Deakin University
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Mobile health intervention to increase oral cancer therapy adherence in patients with chronic myeloid leukemia (the REMIND system): clinical feasibility and acceptability assessment

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journal contribution
posted on 2017-12-01, 00:00 authored by A Pereira-Salgado, J A Westwood, Lahiru RussellLahiru Russell, Anna UgaldeAnna Ugalde, B Ortlepp, J F Seymour, P Butow, L Cavedon, K Ong, S Aranda, S Breen, S Kirsa, A Dunlevie, P Schofield
BACKGROUND: Optimal dosing of oral tyrosine kinase inhibitor therapy is critical to treatment success and survival of patients with chronic myeloid leukemia (CML). Drug intolerance secondary to toxicities and nonadherence are significant factors in treatment failure. OBJECTIVE: The objective of this study was to develop and pilot-test the clinical feasibility and acceptability of a mobile health system (REMIND) to increase oral drug adherence and patient symptom self-management among people with CML (chronic phase). METHODS: A multifaceted intervention was iteratively developed using the intervention development framework by Schofield and Chambers, consisting of defining the patient problem and iteratively refining the intervention. The clinical feasibility and acceptability were examined via patient and intervention nurse interviews, which were audiotaped, transcribed, and deductively content analyzed. RESULTS: The intervention comprised 2 synergistically operating elements: (1) daily medication reminders and routine assessment of side effects with evidence-based self-care advice delivered in real time and (2) question prompt list (QPL) questions and routinely collected individual patient adherence and side effect profile data used to shape nurses' consultations, which employed motivational interviewing to support adoption of self-management behaviors. A total of 4 consultations and daily alerts and advice were delivered over 10 weeks. In total, 58% (10/17) of patients and 2 nurses participated in the pilot study. Patients reported several benefits of the intervention: help in establishing medication routines, resolution of symptom uncertainty, increased awareness of self-care, and informed decision making. Nurses also endorsed the intervention: it assisted in establishing pill-taking routines and patients developing effective solutions to adherence challenges. CONCLUSIONS: The REMIND system with nurse support was usable and acceptable to both patients and nurses. It has the potential to improve adherence and side-effect management and should be further evaluated.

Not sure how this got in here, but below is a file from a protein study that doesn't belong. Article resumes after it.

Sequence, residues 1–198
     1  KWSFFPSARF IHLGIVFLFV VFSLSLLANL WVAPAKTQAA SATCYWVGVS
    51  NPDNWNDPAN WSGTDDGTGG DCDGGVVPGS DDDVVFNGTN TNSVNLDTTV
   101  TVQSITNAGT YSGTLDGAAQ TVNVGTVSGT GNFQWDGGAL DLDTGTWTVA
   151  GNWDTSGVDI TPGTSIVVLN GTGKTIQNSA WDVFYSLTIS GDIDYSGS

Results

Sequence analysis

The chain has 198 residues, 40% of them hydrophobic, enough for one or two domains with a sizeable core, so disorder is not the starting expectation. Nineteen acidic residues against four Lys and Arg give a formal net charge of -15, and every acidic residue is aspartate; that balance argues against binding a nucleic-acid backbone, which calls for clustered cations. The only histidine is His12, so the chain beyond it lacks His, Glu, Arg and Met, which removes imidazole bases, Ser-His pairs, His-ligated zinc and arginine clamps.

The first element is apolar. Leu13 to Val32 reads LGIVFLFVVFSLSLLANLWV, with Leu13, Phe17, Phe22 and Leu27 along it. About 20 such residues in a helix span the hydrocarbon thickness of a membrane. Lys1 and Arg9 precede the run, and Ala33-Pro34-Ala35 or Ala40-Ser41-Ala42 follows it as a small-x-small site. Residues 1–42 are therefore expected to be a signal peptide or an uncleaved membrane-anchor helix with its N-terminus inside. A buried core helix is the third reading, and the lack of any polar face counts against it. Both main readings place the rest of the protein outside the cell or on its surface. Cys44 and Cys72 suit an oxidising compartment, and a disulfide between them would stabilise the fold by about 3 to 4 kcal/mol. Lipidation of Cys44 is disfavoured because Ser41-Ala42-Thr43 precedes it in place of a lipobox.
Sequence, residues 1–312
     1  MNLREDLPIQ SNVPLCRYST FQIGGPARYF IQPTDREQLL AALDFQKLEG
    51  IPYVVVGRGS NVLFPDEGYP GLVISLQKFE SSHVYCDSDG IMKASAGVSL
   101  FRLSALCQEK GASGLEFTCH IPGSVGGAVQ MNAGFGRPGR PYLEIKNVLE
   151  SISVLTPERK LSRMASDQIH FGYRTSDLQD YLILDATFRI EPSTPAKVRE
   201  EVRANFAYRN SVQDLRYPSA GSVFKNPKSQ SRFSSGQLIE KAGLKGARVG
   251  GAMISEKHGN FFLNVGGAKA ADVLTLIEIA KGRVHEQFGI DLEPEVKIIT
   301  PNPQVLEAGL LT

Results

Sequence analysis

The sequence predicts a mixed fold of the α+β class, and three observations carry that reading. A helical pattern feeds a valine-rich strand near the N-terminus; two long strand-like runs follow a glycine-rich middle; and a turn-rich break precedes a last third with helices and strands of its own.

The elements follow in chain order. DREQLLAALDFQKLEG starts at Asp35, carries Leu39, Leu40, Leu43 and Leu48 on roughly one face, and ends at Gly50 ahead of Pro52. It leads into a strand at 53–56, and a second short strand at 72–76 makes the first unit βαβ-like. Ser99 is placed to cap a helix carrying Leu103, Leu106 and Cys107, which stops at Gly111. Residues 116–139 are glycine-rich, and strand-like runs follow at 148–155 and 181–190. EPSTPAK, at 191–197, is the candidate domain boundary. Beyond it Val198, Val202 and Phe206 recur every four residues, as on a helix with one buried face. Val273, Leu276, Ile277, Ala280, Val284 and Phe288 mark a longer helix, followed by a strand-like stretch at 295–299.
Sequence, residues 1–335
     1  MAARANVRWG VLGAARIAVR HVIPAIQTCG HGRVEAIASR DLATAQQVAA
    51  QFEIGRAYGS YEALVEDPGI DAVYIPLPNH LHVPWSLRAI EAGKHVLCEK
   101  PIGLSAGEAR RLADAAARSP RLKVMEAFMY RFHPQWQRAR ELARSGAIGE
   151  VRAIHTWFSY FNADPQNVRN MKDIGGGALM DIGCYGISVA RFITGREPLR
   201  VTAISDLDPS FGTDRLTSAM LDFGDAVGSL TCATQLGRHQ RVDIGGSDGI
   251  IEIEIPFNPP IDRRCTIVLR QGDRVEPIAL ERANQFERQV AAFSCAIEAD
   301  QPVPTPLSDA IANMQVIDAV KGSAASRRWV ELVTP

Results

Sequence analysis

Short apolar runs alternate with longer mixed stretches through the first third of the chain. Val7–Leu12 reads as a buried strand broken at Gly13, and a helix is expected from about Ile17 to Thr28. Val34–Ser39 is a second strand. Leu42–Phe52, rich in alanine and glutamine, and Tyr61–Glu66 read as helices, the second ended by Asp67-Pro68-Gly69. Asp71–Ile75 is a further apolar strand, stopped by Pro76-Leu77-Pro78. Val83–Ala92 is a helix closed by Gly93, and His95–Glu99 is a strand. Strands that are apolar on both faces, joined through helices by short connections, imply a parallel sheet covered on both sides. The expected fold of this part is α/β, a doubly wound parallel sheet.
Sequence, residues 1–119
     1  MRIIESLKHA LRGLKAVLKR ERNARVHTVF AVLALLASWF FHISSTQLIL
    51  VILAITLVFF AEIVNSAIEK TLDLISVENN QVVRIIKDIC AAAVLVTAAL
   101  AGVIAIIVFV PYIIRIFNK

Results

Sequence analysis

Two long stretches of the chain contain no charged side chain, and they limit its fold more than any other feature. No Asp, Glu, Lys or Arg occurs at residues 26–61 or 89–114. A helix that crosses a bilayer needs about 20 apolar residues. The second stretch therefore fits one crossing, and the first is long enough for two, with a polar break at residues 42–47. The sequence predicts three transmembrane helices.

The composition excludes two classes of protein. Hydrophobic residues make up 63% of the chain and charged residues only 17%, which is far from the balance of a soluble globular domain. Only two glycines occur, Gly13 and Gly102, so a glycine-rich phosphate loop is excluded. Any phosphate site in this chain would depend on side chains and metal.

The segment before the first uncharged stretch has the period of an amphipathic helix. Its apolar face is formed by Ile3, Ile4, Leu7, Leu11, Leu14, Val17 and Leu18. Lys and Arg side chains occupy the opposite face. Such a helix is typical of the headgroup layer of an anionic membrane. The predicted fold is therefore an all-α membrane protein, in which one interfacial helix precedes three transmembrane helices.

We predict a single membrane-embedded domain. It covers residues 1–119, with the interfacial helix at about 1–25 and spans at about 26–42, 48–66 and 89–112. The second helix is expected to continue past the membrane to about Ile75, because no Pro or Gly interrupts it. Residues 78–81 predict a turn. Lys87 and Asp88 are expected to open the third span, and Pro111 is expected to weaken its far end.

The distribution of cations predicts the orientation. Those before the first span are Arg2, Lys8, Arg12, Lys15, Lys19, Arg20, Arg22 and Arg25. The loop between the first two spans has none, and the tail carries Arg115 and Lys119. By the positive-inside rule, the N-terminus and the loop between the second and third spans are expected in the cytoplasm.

JMIR mhealth and uhealth





Article number



1 - 15


JMIR Publications


Toronto, Ont.





Publication classification

C Journal article; C1 Refereed article in a scholarly journal

Copyright notice

2017, Amanda Pereira-Salgado, Jennifer A Westwood, Lahiru Russell, Anna Ugalde, Bronwen Ortlepp, John F Seymour, Phyllis Butow, Lawrence Cavedon, Kevin Ong, Sanchia Aranda, Sibilah Breen, Suzanne Kirsa, Andrew Dunlevie, Penelope Schofield